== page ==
Uruashraju. On June 17 the Italian Carlo Mauri and I made the first ascent of Uruashraju ( 18,815 feet). Besides us two, the expedition included a second Italian, Carlo Aldé, the Peruvian climbers Macario and Emilio Angeles and the porters Octaviano Zúñiga and Glicerio Natividad. Uruashraju stands alone and is easily recognizable to the south of Huantsán from the Conococha-Huaraz road. Just north of the Punta (pass) Yanashallash, it is the first of the "Huaraz snow peaks.” It is tent-shaped with west, north, northeast and southeast ridges. The west and southeast ridges join to form the south buttress, while the north and northeast ridges come together on the summit. From the top of the south buttress to the highest point runs a sharp and beautiful crest, almost horizontal, with enormous cornices over the western slope, which descends for 3500 feet to the Punta Yanashallash. From our observations in 1964, when Macario Angeles and I tried the peak from the Quebrada Pumahuacanca (A.A.J., 1965, 14:2, pp. 442-3) and from those made with Adams Carter in 1965 from the summit of Rurec, from the Punta Yanashallash and from the Quebrada Ichicqueñuash (A.A.J., 1966, 15:1, pp. 59-62), I was sure that the best route was the west ridge from the Quebrada Rurec and on from the south buttress. We left Huaraz on June 8 and went through Olleros, Canrey Chico and Canrey Pampa to arrive in two days at Base Camp at the head of the Quebrada Rurec near the glacial lake at 14,100 feet. On the 12th we established Camp I at 15,400 feet in the rocks below the Nevado Pumahuacanca, where we found innumerable fossils. After exploring the western glacier of Uruashraju, we placed Camp II at 16,400 feet in the col which separates Pumahuacanca Chico (17,586 feet) from the Uruashraju group. So far we were probably following the route of the Californians John and Bill Dixon in their 1957 attack. At dawn on the 16th, while Mauri, Aldé, Emilio Angeles and I were preparing to set out on reconnaissance towards the southern buttress, a gasoline stove was knocked over and Mauri and Emilio’s tent flamed up in a matter of seconds. Miraculously both escaped unscathed. Therefore we had to make our summit attempt the next day, since the fire had destroyed part of our equipment. We set out on two ropes, Mauri and I, and Emilio and Macario Angeles, the latter of whom had come up from Camp I to substitute for Aldé. We descended from Camp II to the Uruashraju Glacier to the base of the west ridge. After crossing the bergschrund and after six hours of climbing on snow and ice, we reached the top of the south buttress. Unlike 1964, when a wall of ice drove Macario and me back, we climbed where part of the wall had fallen and reached the top of the buttress. From there we continued along the airy, beautiful crest which runs for 1000 feet on to the main summit. Halfway along this heavily corniced ridge the Angeles brothers returned. At the end of the ridge, bypassing a mushroom of ice, we went out into the west wall and ascended 60° to 70° ice. We placed ice screws, which we later used to rappel on the descent. Finally at 1:30 p.m. Carlo Mauri and I stepped onto the virgin summit.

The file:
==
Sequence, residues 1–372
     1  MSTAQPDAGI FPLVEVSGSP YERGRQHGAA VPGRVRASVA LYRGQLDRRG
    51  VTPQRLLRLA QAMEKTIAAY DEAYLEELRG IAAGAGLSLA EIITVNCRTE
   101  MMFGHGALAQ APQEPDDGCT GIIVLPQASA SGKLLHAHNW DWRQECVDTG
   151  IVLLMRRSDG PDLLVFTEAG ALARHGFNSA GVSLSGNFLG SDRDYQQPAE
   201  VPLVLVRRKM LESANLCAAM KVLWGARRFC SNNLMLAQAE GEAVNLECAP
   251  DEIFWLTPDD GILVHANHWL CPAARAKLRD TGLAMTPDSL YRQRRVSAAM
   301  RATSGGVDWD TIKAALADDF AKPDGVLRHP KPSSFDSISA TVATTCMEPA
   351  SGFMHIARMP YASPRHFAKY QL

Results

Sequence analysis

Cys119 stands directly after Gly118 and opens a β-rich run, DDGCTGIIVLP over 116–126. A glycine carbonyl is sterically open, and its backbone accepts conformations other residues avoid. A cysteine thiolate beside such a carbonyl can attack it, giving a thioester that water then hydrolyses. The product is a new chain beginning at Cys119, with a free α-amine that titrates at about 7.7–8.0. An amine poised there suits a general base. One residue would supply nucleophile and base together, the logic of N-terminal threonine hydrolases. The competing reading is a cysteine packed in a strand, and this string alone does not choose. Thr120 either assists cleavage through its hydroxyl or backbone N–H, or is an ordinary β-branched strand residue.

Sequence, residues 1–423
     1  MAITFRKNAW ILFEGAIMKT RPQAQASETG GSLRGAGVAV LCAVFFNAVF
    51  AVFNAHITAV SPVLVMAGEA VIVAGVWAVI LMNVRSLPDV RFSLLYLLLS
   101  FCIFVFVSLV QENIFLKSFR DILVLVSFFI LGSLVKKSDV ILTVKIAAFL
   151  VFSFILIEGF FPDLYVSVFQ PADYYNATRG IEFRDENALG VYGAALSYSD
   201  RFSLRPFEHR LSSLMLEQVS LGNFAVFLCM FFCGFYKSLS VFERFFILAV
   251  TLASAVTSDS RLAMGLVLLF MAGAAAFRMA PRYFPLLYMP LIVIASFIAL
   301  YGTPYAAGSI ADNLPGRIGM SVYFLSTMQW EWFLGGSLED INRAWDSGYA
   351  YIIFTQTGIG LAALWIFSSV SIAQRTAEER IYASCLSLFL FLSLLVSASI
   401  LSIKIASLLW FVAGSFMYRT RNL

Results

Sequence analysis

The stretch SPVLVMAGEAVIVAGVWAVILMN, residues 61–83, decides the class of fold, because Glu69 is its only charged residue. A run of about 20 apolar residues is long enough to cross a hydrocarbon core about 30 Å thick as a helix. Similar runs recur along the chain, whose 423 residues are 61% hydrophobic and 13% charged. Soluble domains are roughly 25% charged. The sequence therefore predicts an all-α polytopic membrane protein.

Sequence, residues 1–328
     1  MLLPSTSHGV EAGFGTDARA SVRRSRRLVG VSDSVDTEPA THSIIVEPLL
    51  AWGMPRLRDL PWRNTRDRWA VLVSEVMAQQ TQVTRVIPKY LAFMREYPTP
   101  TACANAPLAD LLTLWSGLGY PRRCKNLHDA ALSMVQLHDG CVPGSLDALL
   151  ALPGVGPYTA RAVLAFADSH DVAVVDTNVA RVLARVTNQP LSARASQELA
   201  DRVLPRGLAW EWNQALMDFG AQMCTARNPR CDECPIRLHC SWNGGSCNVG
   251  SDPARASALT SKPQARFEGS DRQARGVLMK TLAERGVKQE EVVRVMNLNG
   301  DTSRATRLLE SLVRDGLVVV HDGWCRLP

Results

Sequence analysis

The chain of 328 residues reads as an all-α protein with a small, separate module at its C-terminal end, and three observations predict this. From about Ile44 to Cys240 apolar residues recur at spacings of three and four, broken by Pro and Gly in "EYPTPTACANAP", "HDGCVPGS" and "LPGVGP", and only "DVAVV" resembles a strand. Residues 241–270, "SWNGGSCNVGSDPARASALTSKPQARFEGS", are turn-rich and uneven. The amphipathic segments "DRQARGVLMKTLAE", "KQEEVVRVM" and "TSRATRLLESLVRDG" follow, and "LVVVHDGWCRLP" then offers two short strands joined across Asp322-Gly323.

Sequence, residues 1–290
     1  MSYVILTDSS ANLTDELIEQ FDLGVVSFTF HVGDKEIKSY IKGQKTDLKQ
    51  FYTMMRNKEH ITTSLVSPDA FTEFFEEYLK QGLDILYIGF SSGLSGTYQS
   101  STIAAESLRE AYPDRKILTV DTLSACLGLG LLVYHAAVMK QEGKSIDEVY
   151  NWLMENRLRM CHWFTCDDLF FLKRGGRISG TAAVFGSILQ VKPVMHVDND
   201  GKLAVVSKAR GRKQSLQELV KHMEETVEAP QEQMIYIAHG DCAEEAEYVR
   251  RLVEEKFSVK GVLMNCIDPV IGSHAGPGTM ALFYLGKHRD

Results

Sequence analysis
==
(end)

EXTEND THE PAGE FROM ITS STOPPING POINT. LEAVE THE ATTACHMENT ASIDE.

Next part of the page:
Domingos Giobbi, Club Alpino Paulista